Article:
In Mexico, KCSM moves about forty percent of the rail freight with a presence in 15 states and the industrial center, which includes Morelia, Toluca, Queretaro, San Luis Potosi, Monterrey, Saltillo and Nuevo Laredo. The company also operates in the ports of Lazaro Cardenas in the state of Michoacan; Tampico/Altamira in Tamaulipas and in Veracruz, Veracruz. KCSM’s routes run through the International Intermodal Corridor which begins at the port of Lazaro Cardenas, serving the main industrial areas of the country, up to the border of Nuevo Laredo. In addition, it connects the port with the main industrial centers of the southeast region of the United States, fostering and strengthening Mexico’s national and international trade. The company provides service to the most important commercial and industrial

centers, through the transportation of finished products or raw materials to the United States, Canada and to the Port Lazaro Cardenas in order to be shipped to and from Asia.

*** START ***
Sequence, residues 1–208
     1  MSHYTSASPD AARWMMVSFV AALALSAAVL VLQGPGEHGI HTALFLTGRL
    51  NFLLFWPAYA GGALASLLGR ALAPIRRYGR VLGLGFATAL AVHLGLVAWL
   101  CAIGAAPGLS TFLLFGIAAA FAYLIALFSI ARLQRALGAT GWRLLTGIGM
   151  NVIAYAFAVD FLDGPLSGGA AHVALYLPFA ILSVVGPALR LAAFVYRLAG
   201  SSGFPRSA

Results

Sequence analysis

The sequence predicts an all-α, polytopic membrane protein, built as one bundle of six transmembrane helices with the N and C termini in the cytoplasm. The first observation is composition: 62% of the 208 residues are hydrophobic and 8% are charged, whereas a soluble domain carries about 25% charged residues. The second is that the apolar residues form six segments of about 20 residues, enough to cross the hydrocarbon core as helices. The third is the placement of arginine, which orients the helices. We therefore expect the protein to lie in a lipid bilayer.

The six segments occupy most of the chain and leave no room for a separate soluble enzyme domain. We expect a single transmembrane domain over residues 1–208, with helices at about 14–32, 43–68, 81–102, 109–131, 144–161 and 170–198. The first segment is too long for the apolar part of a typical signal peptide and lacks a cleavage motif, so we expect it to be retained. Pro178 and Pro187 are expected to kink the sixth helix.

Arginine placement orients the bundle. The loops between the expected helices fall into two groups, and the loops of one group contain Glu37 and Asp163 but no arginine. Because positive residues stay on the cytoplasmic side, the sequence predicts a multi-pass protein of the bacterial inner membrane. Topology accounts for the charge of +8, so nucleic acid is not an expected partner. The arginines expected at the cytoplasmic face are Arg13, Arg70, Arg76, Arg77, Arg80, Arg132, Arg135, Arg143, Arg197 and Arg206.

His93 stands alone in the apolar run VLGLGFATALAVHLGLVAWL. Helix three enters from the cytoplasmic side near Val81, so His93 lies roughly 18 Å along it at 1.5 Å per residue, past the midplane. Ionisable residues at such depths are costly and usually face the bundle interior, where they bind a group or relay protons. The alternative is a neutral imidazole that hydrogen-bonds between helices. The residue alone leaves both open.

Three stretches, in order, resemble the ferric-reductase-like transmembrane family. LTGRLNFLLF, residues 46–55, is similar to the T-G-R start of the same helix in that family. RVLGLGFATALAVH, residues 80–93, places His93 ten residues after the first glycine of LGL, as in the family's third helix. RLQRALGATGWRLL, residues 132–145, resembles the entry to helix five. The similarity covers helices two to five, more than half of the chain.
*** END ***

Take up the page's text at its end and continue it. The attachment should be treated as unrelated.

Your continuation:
equipment and technology of its network. Additionally, the company will invest in strategic projects that will strengthen and innovate its railroad services.

Port Lazaro Cárdenas: Gateway to North America

As part of their social responsibility program, KCSM is committed to developing new environmental practices. In 2009, the company refitted 12 green locomotives which save 25 percent on fuel, reduce lubricant oil by 50 percent and cut emissions of greenhouse gases by 70 percent.

Port Lazaro Cardenas has become one of the most important points of departure for Mexico and Latin America for the transportation of products and load to the industrial core of Mexico and the United States in an efficient and safe manner. Of the total freight managed at the port, sixty percent is transported by railroad.

In addition, KCSM practices ongoing process improvement such as last year’s creation of the Fuel Saving Committee in order to find ways to improve operations